Abstract

Operation of an all-reflection, broadband, spatial heterodyne spectrometer (SHS) is reported. This Mark 2 SHS is constructed using a custom diffraction grating and other standard optical components. The custom grating is coarse (18 grooves/mm), with a symmetric blaze that allows its simultaneous use as dispersing element and beam splitter and combiner. The grating is combined with a plane mirror and a roof mirror to form a very stable ring interferometer which has been used successfully in earlier narrowband SHS designs. Fringes from the extra grating orders in the main blaze envelope are unexpectedly found to combine constructively with the desired primary fringes of the interferometer. Elimination of ambiguity between wavelengths above and below blaze in a given order, and order separation are demonstrated using a small tilt of the plane mirror about an axis in the plane of the figure. Coverage of a factor of four in wavelength in a single CCD frame is demonstrated.

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References

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    [CrossRef]
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    [CrossRef]
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    [CrossRef] [PubMed]
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2009

2008

1992

J. Harlander, R. J. Reynolds, and F. L. Roesler, “Spatial Heterodyne Spectroscopy for the Exploration of Diffuse Interstellar Emission Lines at Far Ultraviolet Wavelengths,” Astrophys. J. 396, 730–740 (1992).
[CrossRef]

1990

F. L. Roesler and J. Harlander, “Spatial Heterodyne Spectroscopy: Interferometric performance at any wavelength without scanning,” Proc. SPIE 1318, 234–243 (1990).
[CrossRef]

1986

1971

Barnes, T. H.

Dawson, O. R.

Dohi, T.

Eiju, T.

Harlander, J.

J. Harlander, R. J. Reynolds, and F. L. Roesler, “Spatial Heterodyne Spectroscopy for the Exploration of Diffuse Interstellar Emission Lines at Far Ultraviolet Wavelengths,” Astrophys. J. 396, 730–740 (1992).
[CrossRef]

F. L. Roesler and J. Harlander, “Spatial Heterodyne Spectroscopy: Interferometric performance at any wavelength without scanning,” Proc. SPIE 1318, 234–243 (1990).
[CrossRef]

Harlander, J. M.

Harris, W. M.

Labby, Z. E.

Lawler, J. E.

Matsuda, K.

Reynolds, R. J.

J. Harlander, R. J. Reynolds, and F. L. Roesler, “Spatial Heterodyne Spectroscopy for the Exploration of Diffuse Interstellar Emission Lines at Far Ultraviolet Wavelengths,” Astrophys. J. 396, 730–740 (1992).
[CrossRef]

Roesler, F. L.

J. E. Lawler, Z. E. Labby, J. M. Harlander, and F. L. Roesler, “Broadband, high-resolution spatial heterodyne spectrometer,” Appl. Opt. 47(34), 6371–6384 (2008).
[CrossRef] [PubMed]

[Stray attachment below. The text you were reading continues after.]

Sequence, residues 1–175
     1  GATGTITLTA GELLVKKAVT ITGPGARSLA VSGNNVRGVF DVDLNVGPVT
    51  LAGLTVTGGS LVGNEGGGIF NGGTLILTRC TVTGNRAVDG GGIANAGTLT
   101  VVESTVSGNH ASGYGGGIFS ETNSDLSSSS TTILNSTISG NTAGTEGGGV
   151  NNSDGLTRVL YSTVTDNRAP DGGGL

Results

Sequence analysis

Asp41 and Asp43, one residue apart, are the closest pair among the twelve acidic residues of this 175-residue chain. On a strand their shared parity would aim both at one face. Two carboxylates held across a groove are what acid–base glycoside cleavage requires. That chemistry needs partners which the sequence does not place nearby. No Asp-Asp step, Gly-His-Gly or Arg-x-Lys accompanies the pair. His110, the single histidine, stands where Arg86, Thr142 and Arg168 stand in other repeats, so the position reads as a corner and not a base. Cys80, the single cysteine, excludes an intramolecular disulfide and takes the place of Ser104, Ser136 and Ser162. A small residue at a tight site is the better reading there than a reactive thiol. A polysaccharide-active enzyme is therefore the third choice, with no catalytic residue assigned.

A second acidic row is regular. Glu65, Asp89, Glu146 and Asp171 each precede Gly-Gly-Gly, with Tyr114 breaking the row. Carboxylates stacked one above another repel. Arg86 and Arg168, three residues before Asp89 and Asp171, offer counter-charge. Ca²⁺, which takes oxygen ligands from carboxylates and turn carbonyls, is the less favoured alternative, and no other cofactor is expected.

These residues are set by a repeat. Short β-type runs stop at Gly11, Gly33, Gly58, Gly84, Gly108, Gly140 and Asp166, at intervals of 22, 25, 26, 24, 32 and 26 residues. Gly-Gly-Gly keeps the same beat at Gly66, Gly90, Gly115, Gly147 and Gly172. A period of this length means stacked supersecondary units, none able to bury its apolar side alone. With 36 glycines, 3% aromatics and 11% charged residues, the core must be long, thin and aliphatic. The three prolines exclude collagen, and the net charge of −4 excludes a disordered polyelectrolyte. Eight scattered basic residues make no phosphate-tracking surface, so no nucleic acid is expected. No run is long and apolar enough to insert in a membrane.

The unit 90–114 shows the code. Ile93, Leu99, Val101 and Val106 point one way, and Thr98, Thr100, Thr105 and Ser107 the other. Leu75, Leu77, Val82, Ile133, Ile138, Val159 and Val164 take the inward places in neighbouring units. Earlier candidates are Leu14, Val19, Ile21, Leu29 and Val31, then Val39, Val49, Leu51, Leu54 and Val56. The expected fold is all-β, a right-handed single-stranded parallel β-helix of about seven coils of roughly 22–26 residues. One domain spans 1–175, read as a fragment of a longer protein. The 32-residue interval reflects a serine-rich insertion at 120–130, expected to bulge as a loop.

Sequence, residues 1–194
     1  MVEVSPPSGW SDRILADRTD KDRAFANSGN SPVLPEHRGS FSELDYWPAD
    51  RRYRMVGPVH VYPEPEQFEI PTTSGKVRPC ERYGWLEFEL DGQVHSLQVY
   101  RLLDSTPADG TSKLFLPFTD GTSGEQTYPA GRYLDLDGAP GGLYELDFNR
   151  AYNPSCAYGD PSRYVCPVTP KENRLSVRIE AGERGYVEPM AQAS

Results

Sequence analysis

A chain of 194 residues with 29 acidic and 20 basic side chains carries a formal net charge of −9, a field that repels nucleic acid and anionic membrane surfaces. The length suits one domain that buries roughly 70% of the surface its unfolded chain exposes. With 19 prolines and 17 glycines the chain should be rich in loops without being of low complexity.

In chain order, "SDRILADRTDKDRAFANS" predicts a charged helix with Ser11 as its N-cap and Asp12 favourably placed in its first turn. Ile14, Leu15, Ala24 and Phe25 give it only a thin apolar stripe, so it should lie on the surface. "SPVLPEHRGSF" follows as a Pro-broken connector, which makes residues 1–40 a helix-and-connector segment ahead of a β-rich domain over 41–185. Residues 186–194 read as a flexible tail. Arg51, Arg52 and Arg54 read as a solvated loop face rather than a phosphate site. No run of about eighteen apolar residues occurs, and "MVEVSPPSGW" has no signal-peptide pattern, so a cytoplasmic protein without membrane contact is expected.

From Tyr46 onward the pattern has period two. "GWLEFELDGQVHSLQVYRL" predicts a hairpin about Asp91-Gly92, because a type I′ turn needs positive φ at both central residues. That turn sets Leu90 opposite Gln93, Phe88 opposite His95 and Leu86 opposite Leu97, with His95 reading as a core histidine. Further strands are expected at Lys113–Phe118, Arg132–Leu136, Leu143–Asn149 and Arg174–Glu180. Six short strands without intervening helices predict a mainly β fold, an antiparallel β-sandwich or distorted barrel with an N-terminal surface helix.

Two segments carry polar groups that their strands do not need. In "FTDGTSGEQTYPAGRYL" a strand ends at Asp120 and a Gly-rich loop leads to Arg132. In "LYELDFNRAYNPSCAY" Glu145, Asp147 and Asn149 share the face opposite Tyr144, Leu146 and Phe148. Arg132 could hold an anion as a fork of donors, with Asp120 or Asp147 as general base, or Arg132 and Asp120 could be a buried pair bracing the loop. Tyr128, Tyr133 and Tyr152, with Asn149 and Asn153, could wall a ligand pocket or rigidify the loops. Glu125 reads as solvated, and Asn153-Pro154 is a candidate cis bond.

J. Harlander, R. J. Reynolds, and F. L. Roesler, “Spatial Heterodyne Spectroscopy for the Exploration of Diffuse Interstellar Emission Lines at Far Ultraviolet Wavelengths,” Astrophys. J. 396, 730–740 (1992).
[CrossRef]

F. L. Roesler and J. Harlander, “Spatial Heterodyne Spectroscopy: Interferometric performance at any wavelength without scanning,” Proc. SPIE 1318, 234–243 (1990).
[CrossRef]

Suzuki, T.

Appl. Opt.

Astrophys. J.

J. Harlander, R. J. Reynolds, and F. L. Roesler, “Spatial Heterodyne Spectroscopy for the Exploration of Diffuse Interstellar Emission Lines at Far Ultraviolet Wavelengths,” Astrophys. J. 396, 730–740 (1992).
[CrossRef]

Proc. SPIE

F. L. Roesler and J. Harlander, “Spatial Heterodyne Spectroscopy: Interferometric performance at any wavelength without scanning,” Proc. SPIE 1318, 234–243 (1990).
[CrossRef]

Other

J. M. Harlander, “Spatial heterodyne spectroscopy: interferometric performance at any wavelength without scanning,” Thesis, Ph.D., University of Wisconsin, Madison (1991).

A. Offner, “Unit power imaging catoptric anastigmat,” U.S. Patent 3,748,015 (1973).

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Figures (4)

Fig. 1
Fig. 1

Schematic of an all-reflection SHS system. Mirror M1 collimates light which enters the interferometer on the top half (i.e., out of the page) of the grating. The roof mirror displaces the diffracted beams into the plane of the figure so the beam combine is on the lower half of the grating. Mirror M2 images the fringe localization plane onto the imaging detector.

Fig. 2
Fig. 2

Photograph of Mark 2 instrument with superposed rays. The colored lines represent rays along the optical axis for the input (yellow), clockwise arm (red), counter-clockwise arm (blue) and exit (green) of the instrument. The holes in the optical table are on 1-inch centers.

Fig. 3
Fig. 3

Spectrum from the 2D Fourier transform of an Hg interferogram. Each circled bright spot corresponds to an emission line of the Hg germicidal lamp. The wavelengths of the lines labeled a through g along with their grating order and pixel location are indicated in Table 2. The pixel locations indicated on the horizontal and vertical scales are the number of interferogram fringes in the high-resolution (within an order) and low-resolution (different orders) directions, respectively.

Fig. 4
Fig. 4

Line shapes for Hg emissions. The intensity scale is normalized to 0.8 at the peak of each line. The wavenumber scale is set to zero at the peak of each line.

Tables (2)

Tables Icon

Table 1 Mark 2 SHS parameters

Tables Icon

Table 2 Hg germicidal lamp wavelengths, order numbers and pixel locations

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